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Answers to Exercises, Chapter 4

Test Questions

  1. This question emphasizes the difference between the syntax used for assigning attribute values in XHTML and property values in CSS.
    1. No colon appears after tag selectors (unless they are followed by a pseudo-class).
    2. No = sign is used to separate the property name and value.
    3. Colour names do not appear in double quotes.
    4. The absence of a semi-colon after the property value is not actually an error, since there is only one declaration. However, it is common to include it, and it would no do harm.
  2. The word would be coloured orange, red, red, orange in each of the examples, in order. If you can't see this just by looking at the code, set up a document with the rules and paragraphs, and use a tool like the Firefox Web Developer extension to trace how the rules are applied.
  3. You will need to set up lists like this:
    <ol>
        <li class="ordereditem"></li>
        etc
    </ol>
    
    and
    <ul>
        <li class="unordereditem"></li>
        etc
    </ul>
    
    and then define stylesheet rules with selectors .ordereditem and unordereditem. That is, you need to add redundant attributes to all list items if you don't use contextual selectors. This is an unnecessary and error-prone extra task, so you should always use contextual selectors in preference. Even if you want different styling for different unordered lists, for example, it can be done by assigning a class to the ul element and using it in contextual selectors.
  4. Not necessarily. The browser will attempt to choose a weight according to the rules quoted in Chapter 4, which will usually result in a font that is bolder than the default, but this cannot be guaranteed. It will never use a lighter font, though.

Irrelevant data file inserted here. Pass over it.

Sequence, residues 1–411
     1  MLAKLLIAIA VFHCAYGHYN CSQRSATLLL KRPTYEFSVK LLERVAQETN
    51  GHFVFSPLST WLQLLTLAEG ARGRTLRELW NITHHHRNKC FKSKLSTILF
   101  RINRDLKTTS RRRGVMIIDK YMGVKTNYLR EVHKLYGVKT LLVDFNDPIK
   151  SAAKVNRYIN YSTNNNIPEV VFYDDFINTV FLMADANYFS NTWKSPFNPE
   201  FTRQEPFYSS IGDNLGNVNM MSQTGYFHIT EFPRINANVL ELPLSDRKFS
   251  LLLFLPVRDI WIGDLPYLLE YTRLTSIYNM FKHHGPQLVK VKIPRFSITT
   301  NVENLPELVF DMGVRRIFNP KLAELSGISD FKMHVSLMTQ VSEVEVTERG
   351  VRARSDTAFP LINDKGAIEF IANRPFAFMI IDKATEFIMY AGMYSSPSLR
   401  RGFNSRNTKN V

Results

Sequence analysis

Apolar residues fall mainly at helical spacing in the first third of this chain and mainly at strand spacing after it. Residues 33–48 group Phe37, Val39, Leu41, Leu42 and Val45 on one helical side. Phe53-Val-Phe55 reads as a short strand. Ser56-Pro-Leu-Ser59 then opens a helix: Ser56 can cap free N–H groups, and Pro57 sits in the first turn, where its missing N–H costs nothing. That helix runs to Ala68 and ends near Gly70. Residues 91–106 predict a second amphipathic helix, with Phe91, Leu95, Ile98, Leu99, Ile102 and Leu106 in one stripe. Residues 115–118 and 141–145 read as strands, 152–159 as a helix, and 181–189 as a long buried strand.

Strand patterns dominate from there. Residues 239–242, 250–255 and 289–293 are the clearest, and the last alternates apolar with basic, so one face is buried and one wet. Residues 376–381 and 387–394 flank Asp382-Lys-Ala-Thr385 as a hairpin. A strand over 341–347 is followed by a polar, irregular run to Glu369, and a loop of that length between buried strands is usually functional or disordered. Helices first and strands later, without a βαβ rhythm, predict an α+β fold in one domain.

5. These two rules have subtly different effects. The first, using * as the selector, forces the font size for every element to 14px. The second sets the size in the body, so it is inherited by every element within the body. However, some elements have a percentage size applied to them by default in the browser, so, for example, h1 elements will appear at more than 14px if the second rule is used.
  6. If you use the font shorthand property you must specify values for at least the font-family and font-size, according to the CSS specification.
  7. This question is mis-phrased in the book. It should read "Write a pair of CSS rules that set the first paragraph after each h1 with its first line in bold and a red double-height initial letter.". We apologize to anyone who has been struggling to do it with one rule.
    h1+p:first-line {
        font-weight: bold;
    }
    h1+p:first-letter {
        color: red;
        font-size: 200%;
    }
    
  8. The a element can be used for named destination anchors as well as source anchors. When used in this way, a elements are often empty, but they don't have to be (there is an example of one that isn't in the HTML specification), in which case any stylesheet rule with a as its selector would be applied to named anchors as well as links, which would make destination anchors look like links, which they are not.